There are many elements used to create stories, and each of them play a role in revealing a satisfactory narrative. These elements are broken down from the essential idea, to characters (we broke down how to create a great character here), and now to settings and locations. Without the detail of scenery, the characters and ideas would have no place to exist; so, the scenes then are the weaving material between the concepts that make up our stories. Imagine your favorite novel in its entirety, excluding the set. It would make the story much more difficult to understand. Either way, we will provide some easy to follow and informative suggestions when launching your scenes!
First let’s agree that we can break scenes down into three/ four essential parts, a beginning, middle—climax, and end. Additionally, we want to acknowledge the internal elements, like the moods and tones of the scene; while examining external ones and using them as our narrative’s canvas.
Now that we understand the structure, take a look below at some of the suggestions we found most useful for our own projects:
- Understand your scene’s purpose. Actions produce reactions, cause us to process and decide to make new actions in waking life, so this idea should be used when knowing the purpose of your character’s scene. For instance, if a character is being deployed and leaving the love of his life for over a year’s time; my scene’s purpose would be to encapsulate the young couple’s love while reflecting the pain they both may be feeling. Make sense?
- Determine its high moment. This mostly occurs at the end of a scene—likely the last line. Why? Because if the tension is enough to cause a scene to effectively hang at the end, your reader will be driven to the next.
- Pace your action. It has been told to blurt out all of your action in the beginning of each scene, but it is important to pace as well. Start your action soon so that it has momentum to ignite the reader but release the action in a way that the climax is never overshadowed.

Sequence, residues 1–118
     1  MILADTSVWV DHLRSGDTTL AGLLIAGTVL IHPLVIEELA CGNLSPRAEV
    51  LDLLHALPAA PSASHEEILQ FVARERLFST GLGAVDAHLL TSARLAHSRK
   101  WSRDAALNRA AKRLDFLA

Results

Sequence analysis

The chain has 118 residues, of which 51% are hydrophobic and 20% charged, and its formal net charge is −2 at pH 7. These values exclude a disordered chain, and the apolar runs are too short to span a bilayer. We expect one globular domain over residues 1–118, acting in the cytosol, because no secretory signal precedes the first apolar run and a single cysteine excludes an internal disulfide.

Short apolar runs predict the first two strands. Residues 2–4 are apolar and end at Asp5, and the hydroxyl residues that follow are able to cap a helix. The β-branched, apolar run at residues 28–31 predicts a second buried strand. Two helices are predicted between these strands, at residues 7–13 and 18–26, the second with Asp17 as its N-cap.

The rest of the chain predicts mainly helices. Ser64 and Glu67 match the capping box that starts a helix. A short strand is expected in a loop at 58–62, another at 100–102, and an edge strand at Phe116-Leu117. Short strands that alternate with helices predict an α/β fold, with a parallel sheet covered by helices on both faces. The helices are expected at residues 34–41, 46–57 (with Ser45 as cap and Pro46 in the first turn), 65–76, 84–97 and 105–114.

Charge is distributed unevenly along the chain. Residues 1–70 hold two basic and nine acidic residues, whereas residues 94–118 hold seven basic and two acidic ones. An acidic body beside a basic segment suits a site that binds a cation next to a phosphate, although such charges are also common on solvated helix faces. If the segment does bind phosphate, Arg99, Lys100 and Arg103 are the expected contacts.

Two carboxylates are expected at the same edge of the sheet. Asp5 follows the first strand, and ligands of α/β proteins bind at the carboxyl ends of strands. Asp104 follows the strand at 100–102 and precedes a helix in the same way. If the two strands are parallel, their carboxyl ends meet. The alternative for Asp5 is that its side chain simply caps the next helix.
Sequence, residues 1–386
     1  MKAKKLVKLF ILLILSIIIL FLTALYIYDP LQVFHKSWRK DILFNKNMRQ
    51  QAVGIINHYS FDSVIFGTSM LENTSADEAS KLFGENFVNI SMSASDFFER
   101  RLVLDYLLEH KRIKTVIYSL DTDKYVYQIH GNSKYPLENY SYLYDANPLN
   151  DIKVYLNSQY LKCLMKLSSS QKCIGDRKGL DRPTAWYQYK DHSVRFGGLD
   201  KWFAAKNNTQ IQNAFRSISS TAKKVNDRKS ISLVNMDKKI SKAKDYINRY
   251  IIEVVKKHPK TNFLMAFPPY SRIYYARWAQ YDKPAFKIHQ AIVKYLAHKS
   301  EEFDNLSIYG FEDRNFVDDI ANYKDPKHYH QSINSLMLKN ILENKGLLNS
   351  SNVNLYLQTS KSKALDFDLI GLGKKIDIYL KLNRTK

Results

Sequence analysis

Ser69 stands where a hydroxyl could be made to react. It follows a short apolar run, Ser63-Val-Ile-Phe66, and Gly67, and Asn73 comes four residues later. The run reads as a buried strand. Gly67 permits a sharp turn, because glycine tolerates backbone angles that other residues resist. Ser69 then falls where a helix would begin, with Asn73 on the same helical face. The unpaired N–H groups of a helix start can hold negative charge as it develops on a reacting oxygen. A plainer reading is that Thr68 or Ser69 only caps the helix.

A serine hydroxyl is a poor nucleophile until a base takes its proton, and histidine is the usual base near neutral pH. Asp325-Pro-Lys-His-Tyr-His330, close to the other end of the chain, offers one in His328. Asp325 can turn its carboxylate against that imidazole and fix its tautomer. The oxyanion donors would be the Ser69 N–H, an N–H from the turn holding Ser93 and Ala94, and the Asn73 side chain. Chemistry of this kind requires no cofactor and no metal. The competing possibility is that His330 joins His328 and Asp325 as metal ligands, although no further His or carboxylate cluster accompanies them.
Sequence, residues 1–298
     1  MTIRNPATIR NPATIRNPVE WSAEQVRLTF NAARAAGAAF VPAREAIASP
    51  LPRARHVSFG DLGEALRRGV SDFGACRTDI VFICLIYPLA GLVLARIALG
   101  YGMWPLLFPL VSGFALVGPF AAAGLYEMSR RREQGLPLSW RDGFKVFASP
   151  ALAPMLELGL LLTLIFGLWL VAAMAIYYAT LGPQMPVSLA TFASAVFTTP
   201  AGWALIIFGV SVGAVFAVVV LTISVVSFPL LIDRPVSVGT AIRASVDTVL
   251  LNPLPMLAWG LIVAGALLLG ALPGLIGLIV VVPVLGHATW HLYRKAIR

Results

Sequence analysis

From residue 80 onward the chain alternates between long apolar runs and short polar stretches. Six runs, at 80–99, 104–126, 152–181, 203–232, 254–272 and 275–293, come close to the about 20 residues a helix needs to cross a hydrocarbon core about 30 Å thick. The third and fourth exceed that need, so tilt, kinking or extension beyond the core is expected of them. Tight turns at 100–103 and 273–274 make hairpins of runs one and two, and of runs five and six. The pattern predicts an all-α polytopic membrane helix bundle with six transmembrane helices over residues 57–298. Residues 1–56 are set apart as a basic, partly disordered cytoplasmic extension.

- Spotlight character change. Your character should be changed by what happens. That change can be subtle or huge; can involve a change of opinion or could be a monumental personality shift. Every event in your story or novel should impact your characters and foment change. Writing instructor James Scott Bell says, “Every scene should have a death”—of a dream, a relationship, or a plan. Consider that when formatting your characters into their scenes.
- Leave out the boring stuff. Save time by beginning with summary. Sometimes actions can take up more time and space in the scene than you may like so eliminate the extraneous detail that only drags out the action. Inject important backstory but not that the present action’s expense. Cut anything that does not serve your scene’s purpose and make every word count!
- Polish your endings and beginnings. Scenes should be designed to entertain and evoke emotion from your reader from the novel’s first line. Pay attention to how best- selling authors in genres you love create strong opening and closing scenes.
- Dive into sensory detail. Lastly, don’t shy away from detail. Reassess your draft and begin bringing scenes to life with vivid detail that engage your reader’s senses. Remember that too much detail is boring, as re ones that don’t reveal anything important.
Scenes are framework and take time to develop. Use these suggestions the next time you’re crafting your perfect scene!
Have any story creating suggestions? At Syllble we love writing stories together, but we’re always looking for new and innovative ways to create ourselves. Drop your own suggestions in the comments below!
Community Manager + Contributer
Fabrice Guerrier is an Haitian American entrepreneur and author. He believes large numbers of people working cooperatively over the internet to create stories is the future of original content and the creative economy. He founded Syllble Studios startup to bring something new to the publishing and entertainment space and support creative writers from all over the world to hack their fullest creative potential. Fabrice is a first generation immigrant born in Haiti. He moved to the U.S. at the age of 13. Fabrice speaks French, Haitian Creole and English.